Education reform of the future starts with public service. Over the last two and a half years, I have built a public service program at Lake Park High School in Roselle, IL. The class allows students to pursue topical areas of self-interest in a classroom setting, while supplementing those subject topics with in-depth public service opportunities and experiential learning methodology outside the school building. Students can opt to take the semester elective during their junior or senior year (although the course was recently approved to be offered in full year format).
Reform of the future must start with public service courses at all public institutions, elementary through post-secondary. The reason for exposure at all levels is because of the essential skills and development that can occur in this unique classroom setting. Teaching students more math and reading is useful, but if they cannot think, then we as a Nation will continue to tumble down the arbitrary and ambiguous world-education rankings.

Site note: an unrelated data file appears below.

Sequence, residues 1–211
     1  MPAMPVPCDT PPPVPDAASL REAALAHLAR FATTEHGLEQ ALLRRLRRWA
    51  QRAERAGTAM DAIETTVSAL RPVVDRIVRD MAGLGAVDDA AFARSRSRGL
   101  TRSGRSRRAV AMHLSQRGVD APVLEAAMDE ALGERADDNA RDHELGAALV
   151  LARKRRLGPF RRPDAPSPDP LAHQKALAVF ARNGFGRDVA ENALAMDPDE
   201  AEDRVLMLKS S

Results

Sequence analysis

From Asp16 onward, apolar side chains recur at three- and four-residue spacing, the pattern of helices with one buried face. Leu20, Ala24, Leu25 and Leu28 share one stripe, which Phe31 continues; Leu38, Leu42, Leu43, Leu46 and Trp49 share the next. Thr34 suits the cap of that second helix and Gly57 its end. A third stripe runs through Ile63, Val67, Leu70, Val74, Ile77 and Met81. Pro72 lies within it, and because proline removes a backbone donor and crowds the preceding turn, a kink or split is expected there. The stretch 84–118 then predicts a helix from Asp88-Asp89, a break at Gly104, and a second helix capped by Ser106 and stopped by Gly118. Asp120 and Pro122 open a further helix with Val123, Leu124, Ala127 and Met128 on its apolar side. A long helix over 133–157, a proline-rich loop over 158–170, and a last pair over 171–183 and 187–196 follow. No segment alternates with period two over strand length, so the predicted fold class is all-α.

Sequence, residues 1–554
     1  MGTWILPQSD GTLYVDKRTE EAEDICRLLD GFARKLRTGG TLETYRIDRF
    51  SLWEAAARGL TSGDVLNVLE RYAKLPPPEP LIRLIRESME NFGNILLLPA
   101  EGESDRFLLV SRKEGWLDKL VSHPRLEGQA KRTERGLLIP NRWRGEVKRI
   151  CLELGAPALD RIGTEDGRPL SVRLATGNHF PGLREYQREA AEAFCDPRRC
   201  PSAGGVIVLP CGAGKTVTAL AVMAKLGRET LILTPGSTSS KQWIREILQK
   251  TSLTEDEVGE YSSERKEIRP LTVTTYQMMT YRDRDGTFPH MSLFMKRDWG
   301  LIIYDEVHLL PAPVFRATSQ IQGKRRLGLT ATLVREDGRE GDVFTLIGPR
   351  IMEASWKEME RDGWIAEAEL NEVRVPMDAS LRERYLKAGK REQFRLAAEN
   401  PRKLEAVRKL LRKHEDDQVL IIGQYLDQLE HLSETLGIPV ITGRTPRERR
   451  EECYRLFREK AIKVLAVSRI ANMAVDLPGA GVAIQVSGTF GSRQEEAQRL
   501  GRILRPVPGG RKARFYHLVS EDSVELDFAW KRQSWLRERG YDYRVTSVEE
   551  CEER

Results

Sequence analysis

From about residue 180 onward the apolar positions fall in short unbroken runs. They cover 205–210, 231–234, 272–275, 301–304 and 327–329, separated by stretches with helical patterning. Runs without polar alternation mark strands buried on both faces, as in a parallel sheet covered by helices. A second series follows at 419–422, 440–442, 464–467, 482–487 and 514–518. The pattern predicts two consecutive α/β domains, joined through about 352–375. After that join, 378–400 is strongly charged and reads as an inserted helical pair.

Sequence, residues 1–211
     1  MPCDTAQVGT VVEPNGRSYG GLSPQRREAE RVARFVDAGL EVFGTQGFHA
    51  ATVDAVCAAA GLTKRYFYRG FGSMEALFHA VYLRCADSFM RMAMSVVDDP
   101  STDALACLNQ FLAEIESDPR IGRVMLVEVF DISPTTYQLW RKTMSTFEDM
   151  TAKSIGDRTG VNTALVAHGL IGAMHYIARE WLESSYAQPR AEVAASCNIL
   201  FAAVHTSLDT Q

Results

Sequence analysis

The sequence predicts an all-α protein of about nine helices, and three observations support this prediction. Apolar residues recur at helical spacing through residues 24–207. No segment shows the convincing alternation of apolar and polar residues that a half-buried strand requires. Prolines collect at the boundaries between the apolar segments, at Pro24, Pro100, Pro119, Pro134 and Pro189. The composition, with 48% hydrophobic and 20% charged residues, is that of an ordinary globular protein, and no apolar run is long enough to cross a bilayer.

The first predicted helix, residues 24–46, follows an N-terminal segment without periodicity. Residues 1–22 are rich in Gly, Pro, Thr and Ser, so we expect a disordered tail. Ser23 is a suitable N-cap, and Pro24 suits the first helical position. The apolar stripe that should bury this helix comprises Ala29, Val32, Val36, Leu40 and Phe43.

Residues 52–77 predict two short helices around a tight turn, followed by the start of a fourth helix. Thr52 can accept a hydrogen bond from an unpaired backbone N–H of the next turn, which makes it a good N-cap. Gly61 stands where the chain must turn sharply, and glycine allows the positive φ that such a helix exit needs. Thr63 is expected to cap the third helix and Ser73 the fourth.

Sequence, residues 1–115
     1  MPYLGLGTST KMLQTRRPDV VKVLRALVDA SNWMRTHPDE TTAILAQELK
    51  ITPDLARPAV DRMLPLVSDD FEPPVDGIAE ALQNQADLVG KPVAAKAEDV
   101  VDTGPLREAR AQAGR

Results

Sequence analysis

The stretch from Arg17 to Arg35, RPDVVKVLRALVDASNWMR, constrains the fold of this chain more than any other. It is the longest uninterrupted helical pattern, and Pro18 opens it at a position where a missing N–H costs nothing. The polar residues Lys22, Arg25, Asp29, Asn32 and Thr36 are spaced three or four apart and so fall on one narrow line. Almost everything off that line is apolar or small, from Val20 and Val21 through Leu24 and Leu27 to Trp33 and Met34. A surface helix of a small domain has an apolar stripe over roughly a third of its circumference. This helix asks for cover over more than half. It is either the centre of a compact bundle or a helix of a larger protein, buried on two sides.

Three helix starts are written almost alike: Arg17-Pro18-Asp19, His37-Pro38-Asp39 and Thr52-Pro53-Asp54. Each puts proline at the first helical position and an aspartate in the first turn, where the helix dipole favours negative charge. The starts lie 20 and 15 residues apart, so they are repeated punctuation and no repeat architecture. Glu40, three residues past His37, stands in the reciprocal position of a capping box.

This paper will outline the path I took to get a non- Advanced Placement elective approved in an environment that is focused on test-scores and AYP. Additionally, the reform component will focus heavily on how any student enrolled in public service courses will develop skills that are essential to continued success in post-secondary environments.
"Service Learning in the Social Studies,"
The Councilor: A Journal of the Social Studies: Vol. 74
, Article 8.
Available at: http://thekeep.eiu.edu/the_councilor/vol74/iss2/8
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